No matter what type of construction equipment, fleet vehicle or heavy-duty truck, it is important to do the research in order to purchase the right piece of equipment with the right specifications to meet your needs and to do the job efficiently and cost-effectively.
A key consideration is the local length and weight regulations since these will dictate axle spacing needed to maximize payload. Some states require compliance with the Federal Bridge Formula; others don't. This will have a big influence on how the axles are set up and spaced.
"A Bridge Formula truck will tend to be longer to spread the weight and this will define where the steer axle goes and have an impact on frame dimensions," says Brian Lindgren, Vocational Sales director at Kenworth Truck Company in Kirkland, Wash. "In most cases, you would spec a booster axle at the rear to increase the weight allowed. You need at least 427 inches from the centerline of the front steer axle to the centerline of the booster axle to be sure to qualify for a 36-foot bridge.
"At the same time you need to stay within the 40-foot overall length limit, so the steer axle needs to be as far forward as possible. A 427-inch bridge length in a 480-inch overall length leaves only 53 inches for front and rear overhand. The rear mud flap is usually 25 inches from the center of the booster axle, so the steer axle needs to be within 28 inches of the front bumper," Lindgren says. "Also, be careful not to spec a permanently mounted tow hook which extends out front since it could make your truck over length."
In states where you don't need to comply with the Bridge Formula, you can spec trucks shorter, making them more maneuverable on job sites. But you may need to spec lift axles to carry the extra weight.
Depending on the weight carried by the steer axle and the laws in your state, you may also need to spec wide-based front tires. "In the states where tire footprint is regulated, it's typically 600 pounds per inch of tire width," says Lindgren. "That will require a wide tire such as a 425/65R22.5 size to get to 20,000 pounds on the two front tires."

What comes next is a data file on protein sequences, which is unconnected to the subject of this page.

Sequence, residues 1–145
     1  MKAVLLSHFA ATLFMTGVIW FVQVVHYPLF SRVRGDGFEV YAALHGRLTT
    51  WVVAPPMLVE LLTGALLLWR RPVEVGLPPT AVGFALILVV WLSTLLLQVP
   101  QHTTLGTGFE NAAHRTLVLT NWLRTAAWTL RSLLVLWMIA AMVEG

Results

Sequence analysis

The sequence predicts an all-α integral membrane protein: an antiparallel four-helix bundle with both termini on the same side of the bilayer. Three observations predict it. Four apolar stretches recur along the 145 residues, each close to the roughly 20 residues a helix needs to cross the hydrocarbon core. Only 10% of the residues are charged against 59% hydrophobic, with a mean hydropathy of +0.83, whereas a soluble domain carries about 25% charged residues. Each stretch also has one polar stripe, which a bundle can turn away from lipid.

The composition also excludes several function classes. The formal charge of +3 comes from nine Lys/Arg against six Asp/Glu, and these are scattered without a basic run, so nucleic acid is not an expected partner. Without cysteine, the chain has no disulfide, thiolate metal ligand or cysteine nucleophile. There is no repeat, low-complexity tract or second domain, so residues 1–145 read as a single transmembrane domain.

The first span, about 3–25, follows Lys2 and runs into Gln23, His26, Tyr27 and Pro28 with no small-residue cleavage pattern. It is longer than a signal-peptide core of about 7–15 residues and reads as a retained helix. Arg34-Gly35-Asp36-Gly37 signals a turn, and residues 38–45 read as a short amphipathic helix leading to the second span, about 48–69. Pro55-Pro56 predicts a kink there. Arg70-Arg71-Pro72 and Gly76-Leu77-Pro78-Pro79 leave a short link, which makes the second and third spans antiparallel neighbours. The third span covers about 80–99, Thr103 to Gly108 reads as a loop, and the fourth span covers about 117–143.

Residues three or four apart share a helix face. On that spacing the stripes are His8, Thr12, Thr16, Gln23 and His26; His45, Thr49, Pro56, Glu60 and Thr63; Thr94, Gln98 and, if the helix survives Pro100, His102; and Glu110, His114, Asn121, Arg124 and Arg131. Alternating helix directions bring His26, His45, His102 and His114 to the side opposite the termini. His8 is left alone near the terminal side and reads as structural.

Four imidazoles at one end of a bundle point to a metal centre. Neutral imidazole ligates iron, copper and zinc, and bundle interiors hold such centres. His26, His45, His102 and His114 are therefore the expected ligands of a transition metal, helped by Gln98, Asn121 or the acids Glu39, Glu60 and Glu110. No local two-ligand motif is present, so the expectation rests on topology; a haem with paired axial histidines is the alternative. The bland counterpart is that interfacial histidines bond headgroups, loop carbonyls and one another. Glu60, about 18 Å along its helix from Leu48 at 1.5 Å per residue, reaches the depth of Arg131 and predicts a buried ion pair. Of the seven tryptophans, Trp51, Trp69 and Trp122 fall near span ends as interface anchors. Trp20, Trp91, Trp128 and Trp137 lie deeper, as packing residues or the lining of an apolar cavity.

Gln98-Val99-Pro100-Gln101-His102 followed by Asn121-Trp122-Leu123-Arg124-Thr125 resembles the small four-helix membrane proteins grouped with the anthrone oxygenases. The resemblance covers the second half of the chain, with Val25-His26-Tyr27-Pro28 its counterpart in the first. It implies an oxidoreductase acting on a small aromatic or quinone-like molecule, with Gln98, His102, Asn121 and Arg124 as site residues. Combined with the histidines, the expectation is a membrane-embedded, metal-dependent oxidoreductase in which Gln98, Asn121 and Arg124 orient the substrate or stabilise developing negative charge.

Where you expect to be delivering concrete will also have an influence on specs. The heavier the load and the rougher the terrain, the more you will need to beef up the chassis and suspension.
"Most mixer chassis often need to get into some pretty rough job sites," says Lindgren, "so be sure to spec a suspension with a lot of articulation."
The frame rail specs are impacted by the type of mixer barrel used. "If the barrel has a subframe welded to the chassis rails that is approved by the OEM, a single 11-5/8-inch frame is fine," says Lindgren. "You'll want a transition plate bolted to the frame at the back of the cab which goes as far forward as possible. This eases the stress on the rails.
"But if the mixer pedestals are mounted directly to the frame rails, you'll need an inserted frame of at least 10-3/4 inches. Remember, it's not just strength you're looking for, but stiffness, too. And, if you have more than one pusher axle, you should have an inserted rail to withstand the higher side loads."
Another thing to remember about the frame: Mixer manufacturers often request crossmembers in specific locations. It's a good idea to check with them before the truck is built.